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Chapter XXI, of Cassells Illustrated History of England, Volume 1 page 2

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The death of Siward, Duke of Northumberland, in 1055, made the way still more open to the ambition of that nobleman. Siward, besides his other merits, had acquired honour to England by his successful conduct in the only foreign enterprise undertaken during the reign of Edward. Duncan, King of Scotland, was a prince of a gentle disposition, but possessed not the genius requisite for governing a country so turbulent, and so much infested by the intrigues and animosities of the great. Macbeth, a powerful nobleman, and nearly allied to the crown, not content with curbing the king's authority, carried still further his pestilent ambition: he put his sovereign to death; chased Malcolm Kenmure, his son and heir, into England; and usurped the crown. Siward, whose daughter was married to Duncan, embraced, by Edward's orders, the protection of this distressed family: he marched an army into Scotland; and having defeated and killed Macbeth in battle, he restored Malcolm to the throne of his ancestors. This service, added to his former connections with the royal family of Scotland, brought a great accession to the authority of Siward in the north; but as he had lost his eldest son, Osberne, in the action with Macbeth, it proved in the issue fatal to his family. His second son, Waltheof, appeared, on his father's death, too young to be entrusted with the government of Northumberland; and Harold's influence obtained that dukedom for his own brother, Tostig.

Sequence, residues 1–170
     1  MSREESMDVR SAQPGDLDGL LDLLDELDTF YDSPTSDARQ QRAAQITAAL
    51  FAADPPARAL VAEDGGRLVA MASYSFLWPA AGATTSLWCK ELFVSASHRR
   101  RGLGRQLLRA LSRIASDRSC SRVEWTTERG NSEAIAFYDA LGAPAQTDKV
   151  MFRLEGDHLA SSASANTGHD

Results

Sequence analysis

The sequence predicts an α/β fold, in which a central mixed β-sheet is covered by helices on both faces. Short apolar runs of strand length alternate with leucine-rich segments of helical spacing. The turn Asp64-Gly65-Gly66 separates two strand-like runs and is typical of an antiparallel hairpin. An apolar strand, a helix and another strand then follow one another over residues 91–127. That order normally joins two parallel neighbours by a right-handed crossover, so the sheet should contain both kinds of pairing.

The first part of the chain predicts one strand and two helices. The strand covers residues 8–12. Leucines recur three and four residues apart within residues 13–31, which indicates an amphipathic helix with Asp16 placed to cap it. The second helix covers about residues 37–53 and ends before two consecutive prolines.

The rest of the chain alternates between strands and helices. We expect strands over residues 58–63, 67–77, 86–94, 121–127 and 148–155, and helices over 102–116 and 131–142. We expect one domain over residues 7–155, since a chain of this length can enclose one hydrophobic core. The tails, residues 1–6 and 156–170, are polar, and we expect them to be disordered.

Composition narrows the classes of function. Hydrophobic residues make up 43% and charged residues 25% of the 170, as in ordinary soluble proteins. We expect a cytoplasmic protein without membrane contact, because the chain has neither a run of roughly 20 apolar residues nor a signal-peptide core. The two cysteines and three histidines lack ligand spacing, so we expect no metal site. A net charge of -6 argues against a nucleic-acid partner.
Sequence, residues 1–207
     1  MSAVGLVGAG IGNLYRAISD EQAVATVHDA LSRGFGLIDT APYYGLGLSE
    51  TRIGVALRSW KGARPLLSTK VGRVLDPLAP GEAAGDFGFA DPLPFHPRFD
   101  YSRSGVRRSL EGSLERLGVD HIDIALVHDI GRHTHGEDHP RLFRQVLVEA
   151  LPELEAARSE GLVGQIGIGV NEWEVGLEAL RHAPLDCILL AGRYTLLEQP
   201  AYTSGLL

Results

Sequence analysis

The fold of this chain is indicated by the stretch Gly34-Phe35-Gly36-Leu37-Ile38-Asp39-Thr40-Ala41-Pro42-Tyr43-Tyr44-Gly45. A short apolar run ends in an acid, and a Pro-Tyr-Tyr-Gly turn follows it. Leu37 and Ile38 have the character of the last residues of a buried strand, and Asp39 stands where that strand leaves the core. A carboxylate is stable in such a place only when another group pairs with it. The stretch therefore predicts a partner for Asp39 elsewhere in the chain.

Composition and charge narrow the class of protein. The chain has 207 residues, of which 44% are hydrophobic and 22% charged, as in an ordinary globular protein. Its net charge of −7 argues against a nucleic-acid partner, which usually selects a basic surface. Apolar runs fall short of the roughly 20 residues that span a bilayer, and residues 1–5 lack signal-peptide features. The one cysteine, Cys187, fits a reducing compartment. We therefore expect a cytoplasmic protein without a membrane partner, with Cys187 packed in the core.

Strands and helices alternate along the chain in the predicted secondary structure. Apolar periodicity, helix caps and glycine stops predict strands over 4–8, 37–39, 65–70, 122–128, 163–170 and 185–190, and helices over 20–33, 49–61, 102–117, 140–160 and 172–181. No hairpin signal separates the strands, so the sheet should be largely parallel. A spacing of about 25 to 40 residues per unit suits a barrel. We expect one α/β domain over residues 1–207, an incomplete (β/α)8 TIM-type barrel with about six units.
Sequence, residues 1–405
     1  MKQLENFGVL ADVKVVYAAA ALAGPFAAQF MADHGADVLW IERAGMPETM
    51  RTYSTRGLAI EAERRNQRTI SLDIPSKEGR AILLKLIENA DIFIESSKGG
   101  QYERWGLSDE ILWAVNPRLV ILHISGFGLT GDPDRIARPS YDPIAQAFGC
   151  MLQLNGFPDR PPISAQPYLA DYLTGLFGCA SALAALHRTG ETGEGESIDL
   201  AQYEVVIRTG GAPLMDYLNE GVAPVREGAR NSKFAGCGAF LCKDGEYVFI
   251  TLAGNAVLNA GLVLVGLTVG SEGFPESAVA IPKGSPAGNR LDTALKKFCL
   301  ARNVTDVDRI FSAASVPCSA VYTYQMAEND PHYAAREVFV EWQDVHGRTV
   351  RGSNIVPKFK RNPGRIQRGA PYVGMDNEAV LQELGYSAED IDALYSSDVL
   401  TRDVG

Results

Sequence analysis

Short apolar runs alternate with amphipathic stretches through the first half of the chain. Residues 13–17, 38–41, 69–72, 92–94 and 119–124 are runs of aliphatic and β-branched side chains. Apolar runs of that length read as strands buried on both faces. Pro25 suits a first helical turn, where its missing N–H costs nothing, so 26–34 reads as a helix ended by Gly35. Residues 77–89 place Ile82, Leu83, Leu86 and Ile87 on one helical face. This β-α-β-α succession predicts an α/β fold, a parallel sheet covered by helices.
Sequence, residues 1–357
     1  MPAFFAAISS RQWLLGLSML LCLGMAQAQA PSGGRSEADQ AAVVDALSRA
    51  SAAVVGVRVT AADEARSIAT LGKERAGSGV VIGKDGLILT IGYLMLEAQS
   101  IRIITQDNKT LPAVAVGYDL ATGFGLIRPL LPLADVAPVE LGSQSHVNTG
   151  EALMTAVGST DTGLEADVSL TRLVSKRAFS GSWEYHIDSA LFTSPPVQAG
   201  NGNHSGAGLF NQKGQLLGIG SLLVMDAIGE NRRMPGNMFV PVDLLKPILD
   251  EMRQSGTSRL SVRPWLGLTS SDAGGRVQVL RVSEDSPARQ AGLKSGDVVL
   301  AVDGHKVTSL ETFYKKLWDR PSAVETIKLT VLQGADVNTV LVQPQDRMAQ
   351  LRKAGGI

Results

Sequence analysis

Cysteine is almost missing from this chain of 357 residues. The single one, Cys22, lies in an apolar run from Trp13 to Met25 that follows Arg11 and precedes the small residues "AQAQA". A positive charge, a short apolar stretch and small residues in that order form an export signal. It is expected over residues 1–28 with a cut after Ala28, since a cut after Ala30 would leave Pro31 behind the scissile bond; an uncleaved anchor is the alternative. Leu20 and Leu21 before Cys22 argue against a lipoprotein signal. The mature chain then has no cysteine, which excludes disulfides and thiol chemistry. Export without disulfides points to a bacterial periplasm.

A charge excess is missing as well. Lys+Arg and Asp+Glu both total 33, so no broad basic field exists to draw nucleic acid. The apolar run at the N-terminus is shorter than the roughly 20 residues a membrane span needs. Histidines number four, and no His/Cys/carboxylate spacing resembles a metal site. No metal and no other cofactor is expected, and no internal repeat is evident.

There are two circumstances related of Siward which discover his high sense of honour and his martial disposition. When intelligence was brought to him of his son Osberne's death, he was inconsolable, till he heard that the wound was received in the breast, and that he had behaved with great gallantry in the action. When he found his own death approaching, he ordered his servants to clothe him in a complete suit of armour; and sitting erect on the couch, with a spear in his hand, declared that in that posture, the only one worthy of a warrior, he would patiently await the fatal moment.

The king, now worn out with cares and infirmities, felt himself far advanced in the decline of life; and having no issue himself, began to think of appointing a successor to the kingdom. He sent a deputation to Hungary, to invite over his nephew Edward, son of his elder brother, and the only remaining heir of the Saxon line. That prince, whose succession to the crown would have been easy and undisputed, came to England with his children, Edgar, surnamed Atheling, Margaret, and Christina; but his death, which happened a few days after his arrival, threw the king into new difficulties. He saw that the great power and ambition of Harold had tempted him to think of obtaining possession of the throne on the first vacancy; and that Edgar, on account of his youth and inexperience, was very unfit to oppose the pretensions of so popular and enterprising a rival. The animosity which he had long borne to Earl Godwin made him averse to the succession of his son; and he could not, without extreme reluctance, think of an increase of grandeur to a family which had risen on the ruins of royal authority, and which, by the murder of Alfred, his brother, had contributed so much to the weakening of the Saxon line. In this uncertainty, he secretly cast his eye towards his kinsman, William, Duke of Normandy, as the only person whose power, and reputation, and capacity could support any destination which he might make in his favour, to the exclusion of Harold and his family.